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Illegal, Short-Term Apartment Rentals Still Available Online, InTowner Investigation Finds; DC Attorney General Files Suit

Accompanying images can be viewed on page 1 of the September issue 2017 issue pdf

By William G. Schulz*

An InTowner investigation reveals that defendants in a lawsuit to curb the operation of illegal hotels in the city continue to offer these so-called Apartels on a short-term rental basis, via booking on a website, and followed up with local concierge services provided by the buildings’ managers and owners.

The suit was filed in late April by the Office of DC Attorney General Karl A. Racine (OAG). The government’s contention is that these are illegal rentals which violate the District’s Rental Housing Act and the licensing requirements put in place by the city to regulate hotels. What’s more, it is claimed that long-term renters who lawfully lease apartments in the buildings are seemingly not informed that large portions of their buildings will be operated like hotels. Accordingly, OAG has petitioned the court for a permanent injunction of defendants’ short term apartment activities.

When contacted about The InTowner of this ongoing, illegal short-term rental of apartments in buildings cited in the lawsuit, an OAG spokeswoman said attorneys there had no knowledge of continuing violations following the date of the OAG’s filing, but this would be investigated. She declined further comment on the pending suit, which is scheduled for a jury trial as early as January 2018.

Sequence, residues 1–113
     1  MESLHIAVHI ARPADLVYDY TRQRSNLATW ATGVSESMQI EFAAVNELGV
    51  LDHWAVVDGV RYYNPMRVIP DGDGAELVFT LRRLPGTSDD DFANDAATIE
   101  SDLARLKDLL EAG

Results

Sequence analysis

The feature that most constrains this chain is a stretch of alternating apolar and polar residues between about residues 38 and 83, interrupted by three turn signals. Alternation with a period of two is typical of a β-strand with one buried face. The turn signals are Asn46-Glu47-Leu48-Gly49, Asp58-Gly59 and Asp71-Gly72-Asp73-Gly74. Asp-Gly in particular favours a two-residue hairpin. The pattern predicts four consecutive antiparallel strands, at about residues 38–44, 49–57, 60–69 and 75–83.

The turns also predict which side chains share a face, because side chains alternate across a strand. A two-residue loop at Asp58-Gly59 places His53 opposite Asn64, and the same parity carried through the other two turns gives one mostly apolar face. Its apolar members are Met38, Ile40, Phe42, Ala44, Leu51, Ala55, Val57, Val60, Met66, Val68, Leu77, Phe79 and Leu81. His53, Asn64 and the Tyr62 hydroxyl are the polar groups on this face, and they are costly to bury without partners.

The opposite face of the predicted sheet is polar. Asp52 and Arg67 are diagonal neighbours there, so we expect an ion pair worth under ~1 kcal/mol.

At the time of filing, OAG stated a prime motivator for its suit is the city’s crisis of affordable housing. Short-term rentals remove affordable housing from the city’s rental stock, especially in rent-controlled buildings. Short-term rentals typically are priced far higher than the monthly rent charged for a typical year-long rental lease agreement, according to OAG.

The buildings cited in the OAG lawsuit are the Rodney at 1911 R Street, NW; the Phoenix at 1421 Massachusetts Avenue, NW; the Mass Court at 300 Massachusetts Avenue, NW; and the View at Waterfront at 1100 6th Street, SW.

The named defendants include Ginosi USA Corporation and its principal, Eric Ginosian, along with the owners and managers of four apartment complexes in the District: Daro Management Services, LLC; Daro Realty, LLC; Greystar Real Estate Partners, LLC; T-C Mass Court, LLC; Mill Creek Residential Trust LLC; and John Hancock Life Insurance Company USA.

In addition to the illegal rentals, OAG alleges that Ginosi Apartels collects sales taxes from guests but fails to remit them to the District.

The InTowner’s requests for comment from each of the defendants have all gone unanswered, including attempts to reach company officials by phone, email, and through company websites.

The InTowner has also learned that Ginosi USA now bills itself as Ginosi International and that the company has moved its Los Angeles headquarter offices out of the country — to Armenia.

This reporter spoke by telephone with a Genosi representative in Armenia who confirmed that it is the same company, and that it has indeed relocated. The representative further indicated that owner Eric Genosian is also in Armenia, but a message left requesting to speak with him has gone unanswered.

Meanwhile, “My office is using all of the tools available to us to preserve affordable housing for District residents,” says Attorney General Racine. “We will aggressively pursue individuals and companies that seek to circumvent the District’s rent-control laws, and we are actively investigating other instances where apartment managers or owners are treating rent-controlled apartments like hotel rooms and renting them out on sharing-economy platforms.”

Copyright © 2017 InTowner Publishing Corp. & William G. Schulz. All rights reserved.